Will he really close them down if he is bent on it? Why not? Although Deputy Prime Minister Bülent Arınç, speaking after a Cabinet meeting last Monday, tried to reassure people by announcing that the government will discuss the matter once more with the stakeholders involved, Prime Minister Erdoğan refuted Arınç once again by saying they would shut down prep schools. Isn’t this sufficient in showing his resolve in this regard?

Of course, in a country where democracy is in force even in its average form, this resolve shouldn’t be enough regarding any matter that is of concern to millions of people or even the tiniest social matter. In the case of our country, we will wait and see. This will also give us the opportunity to see the real place and position of every member of the Cabinet. This process will be a historic test of whether every single deputy in Parliament continues to be a proper representative of the people or has turned into a yes man after losing their representativeness.

And I can assure you that it is not only the ordinary people who fail to make sense of the tenacity to close down prep schools, which emerged within the supply-demand machinery of the free market and which have made positive contributions to the country’s educational system. Thus, Cüneyt Özdemir, the host of CNNTürk TV channel’s 5N1K program, recently said during the program that they couldn’t find a single politician or scholar who could defend the plan to shut down prep schools, which is enough to expose the fallacy of the position the prime minister has personally adopted. Perhaps in the coming days, we will see some politicians emerge to defend Erdoğan’s position in the media after having gone through the “rooms of forced persuasion.”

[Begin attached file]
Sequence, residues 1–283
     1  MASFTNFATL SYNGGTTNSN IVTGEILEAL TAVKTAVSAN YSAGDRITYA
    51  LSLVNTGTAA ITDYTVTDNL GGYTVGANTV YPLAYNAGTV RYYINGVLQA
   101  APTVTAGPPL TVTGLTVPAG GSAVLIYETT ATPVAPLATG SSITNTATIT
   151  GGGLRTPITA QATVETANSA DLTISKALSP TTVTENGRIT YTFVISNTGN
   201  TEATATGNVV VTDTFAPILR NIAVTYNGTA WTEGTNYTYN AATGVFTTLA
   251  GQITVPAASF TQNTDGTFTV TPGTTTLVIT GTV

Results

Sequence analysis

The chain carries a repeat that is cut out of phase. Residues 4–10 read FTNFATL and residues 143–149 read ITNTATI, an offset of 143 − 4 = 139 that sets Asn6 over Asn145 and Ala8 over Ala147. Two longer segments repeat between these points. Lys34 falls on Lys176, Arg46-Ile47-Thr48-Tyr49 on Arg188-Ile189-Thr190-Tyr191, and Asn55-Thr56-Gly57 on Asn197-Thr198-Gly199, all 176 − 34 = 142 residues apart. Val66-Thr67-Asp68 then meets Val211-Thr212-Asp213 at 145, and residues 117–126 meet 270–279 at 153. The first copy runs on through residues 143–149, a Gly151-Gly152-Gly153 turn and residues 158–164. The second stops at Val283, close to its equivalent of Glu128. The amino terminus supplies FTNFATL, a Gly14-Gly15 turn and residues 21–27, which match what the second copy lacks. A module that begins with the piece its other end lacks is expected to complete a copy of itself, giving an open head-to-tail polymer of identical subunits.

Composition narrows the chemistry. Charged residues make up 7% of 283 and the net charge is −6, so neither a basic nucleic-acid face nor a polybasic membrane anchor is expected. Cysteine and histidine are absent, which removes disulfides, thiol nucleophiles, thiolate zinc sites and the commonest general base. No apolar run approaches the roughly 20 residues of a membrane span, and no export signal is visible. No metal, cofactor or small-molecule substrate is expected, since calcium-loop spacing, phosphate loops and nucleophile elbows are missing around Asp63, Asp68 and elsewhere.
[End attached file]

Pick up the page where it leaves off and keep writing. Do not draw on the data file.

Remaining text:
But I don’t think there is a reasonable or conscientious way to really vindicate the plan to close down prep schools with regards to educational or pedagogical principles, the supply-demand chain in the economy, the sanctity of free enterprise in democracies or the overall cost effectiveness of these institutions. Given the sheer volume of Turkey’s massive unsolved problems and the ongoing tremendous problems in the educational system — which form the very rationale of why prep schools exist — it is really impossible to justify Prime Minister Erdoğan’s obstinacy in proceeding with the plan. So why is the prime minister so reckless, eager and determined to proceed with such an indefensible move?

Unfortunately, the answer to this question has nothing to do with educational, economic or social cost-effectiveness considerations. It appears that the prime minister and his colleagues are acting as though they embody the state and are increasingly becoming part of that defective apparatus instead of moving to rectify the traditional defects of that anti-democratic state. Unfortunately, he sees the state as the sole power and social groups as slaves who are supposed to show absolute obedience to that power. He irremediably wages war against every social group, legitimate formation or social entity that seeks to survive by remaining civilian in the face of this monstrosity.

For this reason, the problem is not the prep school issue or essentially a free enterprise issue. All this is just a reflection of a far greater problem. What really matters is whether every one of us is willing to submit our wills to a state apparatus that is run by a handful of people. What we really should be discussing is what the limits and boundaries of the powers and authorities of the state that make every social group suffer from great sorrows and tragedies should be. Thus, the problem is essentially a problem of human rights, fundamental rights, democracy and the rule of law. The gloomy conclusion is: if this nation fails to pull together to settle this crucial problem, this is really bad news for all of us.

Source: Today's Zaman , November 21, 2013